- Apr 2022
When Vladimir Nabokov died in 1977, he left instructions for his heirs to burn the 138 handwritten index cards that made up the rough draft of his final and unfinished novel, The Original of Laura. But Nabokov’s wife, Vera, could not bear to destroy her husband’s last work, and when she died, the fate of the manuscript fell to her son. Dmitri Nabokov, now seventy-five—the Russian novelist’s only surviving heir, and translator of many of his books—has wrestled for three decades with the decision of whether to honor his father’s wish or preserve for posterity the last piece of writing of one of the greatest writers of the twentieth century.
Nabokov's wishes were that his heirs burn the index cards on which he had handwritten the beginning of his unfinished novel The Original of Laura. His wife Vera, not able to destroy her husband's work, couldn't do it, so the decision fell to their son Dimitri. Having translated many of his father's works previously, Dimitri Nabokov ultimately allowed Penguin the right to publish the unfinished novel.
t his death the great Italian humanist AngeloPoliziano (1454–94), for example, left many volumes of notes and papers. Thesewere rapidly dispersed among students and peers, who variously wished to own,read, or publish them, under Poliziano’s name but sometimes also without attrib-uting them. Today dozens of volumes of Poliziano’s manuscripts are scatteredacross many European libraries, and an important manuscript of his Miscel-lanea was rediscovered as recently as a few decades ago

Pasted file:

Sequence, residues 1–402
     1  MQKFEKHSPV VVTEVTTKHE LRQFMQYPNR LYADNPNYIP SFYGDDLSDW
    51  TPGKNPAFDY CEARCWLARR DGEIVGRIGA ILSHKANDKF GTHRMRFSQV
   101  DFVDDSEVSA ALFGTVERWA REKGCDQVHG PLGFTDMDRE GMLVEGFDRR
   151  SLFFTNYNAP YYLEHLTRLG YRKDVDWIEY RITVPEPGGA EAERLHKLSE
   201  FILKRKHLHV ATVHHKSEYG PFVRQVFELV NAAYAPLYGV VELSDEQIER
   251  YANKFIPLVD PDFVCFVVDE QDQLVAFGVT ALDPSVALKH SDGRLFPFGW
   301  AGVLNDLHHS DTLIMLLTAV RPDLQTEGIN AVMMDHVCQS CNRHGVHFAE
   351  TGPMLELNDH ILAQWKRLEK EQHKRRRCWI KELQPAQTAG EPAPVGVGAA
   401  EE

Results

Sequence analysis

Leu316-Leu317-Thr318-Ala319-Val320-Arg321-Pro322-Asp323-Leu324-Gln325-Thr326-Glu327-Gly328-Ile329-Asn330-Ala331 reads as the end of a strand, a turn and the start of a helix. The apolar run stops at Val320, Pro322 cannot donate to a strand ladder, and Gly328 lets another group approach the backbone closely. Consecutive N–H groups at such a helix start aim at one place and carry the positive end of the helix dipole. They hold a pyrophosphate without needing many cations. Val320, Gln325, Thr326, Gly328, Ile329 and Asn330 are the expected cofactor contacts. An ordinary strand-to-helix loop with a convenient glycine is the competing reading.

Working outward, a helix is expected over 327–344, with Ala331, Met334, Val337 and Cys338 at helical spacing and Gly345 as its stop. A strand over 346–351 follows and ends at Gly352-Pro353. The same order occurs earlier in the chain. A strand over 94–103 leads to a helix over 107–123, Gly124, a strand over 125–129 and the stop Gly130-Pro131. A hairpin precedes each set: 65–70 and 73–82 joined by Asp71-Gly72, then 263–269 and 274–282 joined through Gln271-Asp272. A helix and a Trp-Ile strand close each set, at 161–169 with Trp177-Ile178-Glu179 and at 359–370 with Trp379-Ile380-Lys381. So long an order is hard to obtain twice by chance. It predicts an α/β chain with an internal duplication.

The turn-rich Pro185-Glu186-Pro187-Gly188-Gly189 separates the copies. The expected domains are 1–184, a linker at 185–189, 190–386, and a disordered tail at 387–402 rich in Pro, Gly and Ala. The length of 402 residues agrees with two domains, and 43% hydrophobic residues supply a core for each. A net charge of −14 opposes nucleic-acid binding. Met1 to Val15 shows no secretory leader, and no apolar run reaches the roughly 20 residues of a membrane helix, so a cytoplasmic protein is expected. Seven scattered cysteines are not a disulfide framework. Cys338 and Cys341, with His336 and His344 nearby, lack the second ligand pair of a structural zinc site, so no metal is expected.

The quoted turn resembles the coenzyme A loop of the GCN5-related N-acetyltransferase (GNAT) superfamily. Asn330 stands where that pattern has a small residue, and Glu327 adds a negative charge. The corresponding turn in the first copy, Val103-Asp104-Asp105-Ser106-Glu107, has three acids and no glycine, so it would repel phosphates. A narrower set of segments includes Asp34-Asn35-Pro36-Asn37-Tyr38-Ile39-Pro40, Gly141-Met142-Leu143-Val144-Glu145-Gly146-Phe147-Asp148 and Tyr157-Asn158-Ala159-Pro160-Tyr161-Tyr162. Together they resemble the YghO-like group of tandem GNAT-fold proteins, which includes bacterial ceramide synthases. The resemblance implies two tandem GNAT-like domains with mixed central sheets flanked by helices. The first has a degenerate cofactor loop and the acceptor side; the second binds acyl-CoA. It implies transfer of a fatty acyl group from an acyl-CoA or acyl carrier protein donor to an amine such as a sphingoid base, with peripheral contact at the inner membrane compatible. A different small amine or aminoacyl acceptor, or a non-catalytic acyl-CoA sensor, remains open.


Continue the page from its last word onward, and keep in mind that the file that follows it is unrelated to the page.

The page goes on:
Victor Hugo was the first author to bequeath his papers to the Bibliothèque nationale;see Espagne (1998), 217; Grésillon (2000).
Pliny’s abundant reading and note-taking in one of his nephew’s letters (which I discuss in more detail below).
The earliest survivingauthor’s manuscripts date from late eleventh- century Italy and include somemanuscripts of Petrarch from the fourteenth century, but large collections ofpapers by scholars first survive from the fifteenth century and in increasing num-bers from the sixteenth and seventeenth centuries.
The study of personal papers was pioneered by a school of literary criticism (“ge-netic criticism”) that focused on famous authors of the nineteenth and twentiethcenturies who often deposited their papers in national libraries.
- personal papers
- note taking
- genetic criticism
- note taking methods
- Angelo Poliziano
- Victor Hugo
- literary criticism